Professor Joe Lupo of West Virginia University rented a local digital billboard in 2021 and curated a national roster of artists to create imagery to, in his words, “take over this commercial space with nonsensical messages.” I was invited to create an image for the month of March, 2021 in a rotation of artists including: Andrew Kozlowski, Sarah Ellis, and Joe Lupo. Each month in 2021 brought a different set of artists to the billboard.
Professor Lupo writes on his website about the project,
This project is designed to appropriate space that is designated for commercial use, marketing, and messaging, expanding on a larger cultural conversation about the overlap of public and commercial space and the role art can have infiltrating these spaces. Digitized imagery has become ubiquitous in the United States, proliferated through social media, television, and digital billboards. While some of this imagery exists in a private space (a phone screen), much of this imagery is projected publicly (billboards) without consent. These commercial spaces are privately owned which prevents any kind of larger conversation about what imagery and information can or should be projected publicly, and if advertising should be in the public sphere to begin with.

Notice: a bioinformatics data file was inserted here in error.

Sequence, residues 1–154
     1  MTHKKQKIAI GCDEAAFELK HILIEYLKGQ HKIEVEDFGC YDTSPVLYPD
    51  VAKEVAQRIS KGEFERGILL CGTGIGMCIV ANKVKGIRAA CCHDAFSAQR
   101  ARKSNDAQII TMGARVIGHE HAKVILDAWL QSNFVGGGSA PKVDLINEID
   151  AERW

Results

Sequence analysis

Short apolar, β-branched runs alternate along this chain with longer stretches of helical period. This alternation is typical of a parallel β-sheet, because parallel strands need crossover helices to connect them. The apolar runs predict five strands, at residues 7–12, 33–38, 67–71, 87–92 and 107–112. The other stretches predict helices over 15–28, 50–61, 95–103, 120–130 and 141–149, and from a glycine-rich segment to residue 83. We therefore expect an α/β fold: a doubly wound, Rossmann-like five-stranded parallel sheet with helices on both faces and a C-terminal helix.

Most messages displayed on billboards are succinct and to the point. They direct the reader to go online and make a medical appointment today or to buy specific commercial products. Lately messages with a cultural or political agenda have appeared. These images ask specific questions like “Have you talked to God lately?” or offer misinformation about vaccinations. Regardless of the language used, these messages have a specific intent. The imagery created for my billboard project will either have no message or an intentionally confusing or contradictory one. This project is designed to complicate and confuse the messaging and intended use of public commercial space and raise questions about our tacit acceptance of these spaces and offer alternatives to how they can be used. This form of cultural critique is often referred to as culture jamming, a more contemporary version of a 20th Century artistic and activist strategy called détournement. Culture jamming (and detournement) often utilizes media and commercial spaces to create an ironic or satirical commentary.